An Alternate History by Rolando Huerta: 12/18/15

Earlier in the year, I asked some writers I know if they’d be willing to write an alternate history for this project in response to a climate anxiety I’d gathered at the booth. You can read some of the other ones by Rachel Schapira, Rachel Schapira again, Ethan Robinson, Mia Hooper and Janaya Kizzie. If you think you might like to write one, let me know. This one just came in, and is by Rolando Huerta; the date at the top refers to the date the story was posted.






SARAH RICHARDS-MALKOVICH and .   Docket No. 1111-ACV-192735-JCSAC



Plaintiffs,              .   Providence, Rhode Island

.   Monday, July 9, 2057

  1. .   9:00 a.m.





Defendants.              .

. . . . . . . . . . . . . .  .









For the Plaintiffs:          Nixon & Carmicle, S.C.


42 East Midland Street, Suite 18

Warwick, RI 02887

(411) 929-9911


For the Defendants:          State Attorney General’s Office



P.O. Box 78570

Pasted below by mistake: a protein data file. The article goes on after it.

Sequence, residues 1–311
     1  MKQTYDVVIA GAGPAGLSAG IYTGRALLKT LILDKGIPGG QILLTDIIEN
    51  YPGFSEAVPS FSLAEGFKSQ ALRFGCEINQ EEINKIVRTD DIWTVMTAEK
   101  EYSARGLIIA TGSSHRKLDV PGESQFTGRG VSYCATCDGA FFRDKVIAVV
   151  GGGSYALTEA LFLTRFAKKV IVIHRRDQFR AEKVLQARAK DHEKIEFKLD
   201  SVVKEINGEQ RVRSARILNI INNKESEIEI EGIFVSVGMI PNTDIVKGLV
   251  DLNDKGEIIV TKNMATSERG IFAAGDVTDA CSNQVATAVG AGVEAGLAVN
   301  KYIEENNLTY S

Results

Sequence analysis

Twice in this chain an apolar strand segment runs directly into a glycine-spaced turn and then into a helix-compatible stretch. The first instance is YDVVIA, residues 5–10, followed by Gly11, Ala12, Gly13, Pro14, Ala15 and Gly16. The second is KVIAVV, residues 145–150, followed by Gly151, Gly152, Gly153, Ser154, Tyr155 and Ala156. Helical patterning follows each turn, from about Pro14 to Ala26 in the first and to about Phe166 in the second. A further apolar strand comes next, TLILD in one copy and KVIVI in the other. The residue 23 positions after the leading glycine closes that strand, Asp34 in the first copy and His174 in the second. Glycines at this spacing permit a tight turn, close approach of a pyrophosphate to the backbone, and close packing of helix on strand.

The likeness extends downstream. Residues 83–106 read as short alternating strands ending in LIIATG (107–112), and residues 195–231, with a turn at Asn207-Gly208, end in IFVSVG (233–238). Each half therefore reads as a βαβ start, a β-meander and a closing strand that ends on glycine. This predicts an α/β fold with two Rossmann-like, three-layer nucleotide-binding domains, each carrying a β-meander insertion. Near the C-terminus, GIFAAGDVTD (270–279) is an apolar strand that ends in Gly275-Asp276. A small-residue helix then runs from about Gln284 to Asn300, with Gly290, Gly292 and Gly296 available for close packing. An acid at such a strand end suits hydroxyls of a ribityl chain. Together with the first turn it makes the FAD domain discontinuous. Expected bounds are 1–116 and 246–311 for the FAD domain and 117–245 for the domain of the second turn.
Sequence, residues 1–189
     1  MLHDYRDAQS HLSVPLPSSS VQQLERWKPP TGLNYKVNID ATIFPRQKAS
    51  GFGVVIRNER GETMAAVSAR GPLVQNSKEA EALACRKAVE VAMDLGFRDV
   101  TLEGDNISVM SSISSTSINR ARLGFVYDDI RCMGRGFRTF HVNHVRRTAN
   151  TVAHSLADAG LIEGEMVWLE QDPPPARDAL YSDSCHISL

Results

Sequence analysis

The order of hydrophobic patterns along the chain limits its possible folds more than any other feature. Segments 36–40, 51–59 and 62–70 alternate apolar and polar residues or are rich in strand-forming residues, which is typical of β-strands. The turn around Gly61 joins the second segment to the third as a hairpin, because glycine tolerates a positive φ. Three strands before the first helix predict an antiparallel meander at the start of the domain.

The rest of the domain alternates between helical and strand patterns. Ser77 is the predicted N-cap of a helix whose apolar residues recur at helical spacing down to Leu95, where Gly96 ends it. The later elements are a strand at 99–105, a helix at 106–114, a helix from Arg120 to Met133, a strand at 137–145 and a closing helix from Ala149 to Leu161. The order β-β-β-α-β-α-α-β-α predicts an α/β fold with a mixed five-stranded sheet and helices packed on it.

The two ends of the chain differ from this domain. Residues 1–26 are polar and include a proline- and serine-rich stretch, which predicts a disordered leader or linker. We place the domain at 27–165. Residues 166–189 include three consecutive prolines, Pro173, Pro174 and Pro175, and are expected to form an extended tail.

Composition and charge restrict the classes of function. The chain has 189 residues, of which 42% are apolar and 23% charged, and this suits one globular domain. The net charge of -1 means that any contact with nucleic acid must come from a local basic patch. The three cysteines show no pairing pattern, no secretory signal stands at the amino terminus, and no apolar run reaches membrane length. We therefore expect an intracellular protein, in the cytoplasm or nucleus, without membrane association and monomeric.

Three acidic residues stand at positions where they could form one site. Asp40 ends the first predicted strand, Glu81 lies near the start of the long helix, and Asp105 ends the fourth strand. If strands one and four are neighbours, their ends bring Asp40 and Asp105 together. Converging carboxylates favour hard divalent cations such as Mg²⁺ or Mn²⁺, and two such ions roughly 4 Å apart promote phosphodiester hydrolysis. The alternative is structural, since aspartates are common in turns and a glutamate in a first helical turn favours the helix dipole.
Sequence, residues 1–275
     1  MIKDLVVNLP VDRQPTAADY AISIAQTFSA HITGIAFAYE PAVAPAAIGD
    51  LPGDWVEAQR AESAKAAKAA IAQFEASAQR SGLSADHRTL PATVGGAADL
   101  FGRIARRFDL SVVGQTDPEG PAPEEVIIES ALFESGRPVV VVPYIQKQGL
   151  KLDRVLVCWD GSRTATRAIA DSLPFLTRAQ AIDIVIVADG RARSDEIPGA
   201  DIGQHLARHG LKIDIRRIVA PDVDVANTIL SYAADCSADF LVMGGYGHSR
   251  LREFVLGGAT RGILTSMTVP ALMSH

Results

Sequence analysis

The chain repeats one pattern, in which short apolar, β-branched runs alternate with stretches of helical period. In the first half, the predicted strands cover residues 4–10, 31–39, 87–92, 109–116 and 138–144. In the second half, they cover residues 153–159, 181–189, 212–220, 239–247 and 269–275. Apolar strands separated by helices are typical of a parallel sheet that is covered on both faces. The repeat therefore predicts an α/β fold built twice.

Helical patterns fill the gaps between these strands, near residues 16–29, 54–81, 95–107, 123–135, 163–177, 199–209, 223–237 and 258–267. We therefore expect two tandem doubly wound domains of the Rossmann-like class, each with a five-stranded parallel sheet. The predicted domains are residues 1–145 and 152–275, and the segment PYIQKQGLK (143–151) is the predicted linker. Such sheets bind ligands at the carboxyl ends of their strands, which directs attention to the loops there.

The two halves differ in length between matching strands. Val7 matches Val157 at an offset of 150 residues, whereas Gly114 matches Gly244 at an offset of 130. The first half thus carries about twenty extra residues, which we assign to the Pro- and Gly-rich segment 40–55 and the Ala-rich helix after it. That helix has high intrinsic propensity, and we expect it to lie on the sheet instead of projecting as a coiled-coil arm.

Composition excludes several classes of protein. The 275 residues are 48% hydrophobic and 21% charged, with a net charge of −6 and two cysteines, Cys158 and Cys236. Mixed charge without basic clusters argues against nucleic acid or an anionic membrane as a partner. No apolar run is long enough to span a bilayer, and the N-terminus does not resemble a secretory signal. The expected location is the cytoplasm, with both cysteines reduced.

Warwick, RI 02887-7857

(411) 294-9544


Court Recorder:              Carmen DuPont

District Court Clerk’s Office

1 Exchange St, Room 320

Providence, RI 02903

(411) 244-5156


Transcription Service:       Blankpunkt Reporting Co.

801 North Verdaccio Street

Providence, RI 02907

(411) 722-7428


Proceedings recorded by electronic sound recording;

transcript produced by transcription service.




OPENING STATEMENT:                                     Page


On behalf of the Plaintiffs, by Mr. Connolly            3

On behalf of the Defendants, by Mr. Sabrahar           12



WITNESSES FOR THE     Direct Cross Redirect Recross Redirect


Bernadette A. Clay       25     49

Louis Fishbourne         70     92     75     129




Malcom Morgan           102   156 (Voir Dire)

Simon S. Moody           108   177

MOTION: Mr. Sabrahar   111 Denied   112

MOTION: Ms. Kennelly   118 Denied   115


EXHIBITS:                                     Marked Received


1 – Morgan affidavit and extra damages         29     29


2 – Additional extra damages list             38     40

3 – Performance appraisals, 2053 – 2056,       60     64


4 – Performance appraisals, 2047 – 2056,       75     —



ARGUMENT: Mr. Connolly                               165

RESPONSE: Mr. Sabrahar                               172




(Call to Order of the Court.)

THE COURT: Good morning, everyone. Let’s call in the jury, unless there are matters to consider first. Mr. Connolly?

  1. CONNOLLY: No, Your Honor, we’re ready.
  2. SABRAHAR: We have nothing to take up right now, Your Honor.

THE COURT: Good. Mr. Bailiff, please bring the jury from their waiting room.

(Proceedings continued in the presence of the jury.)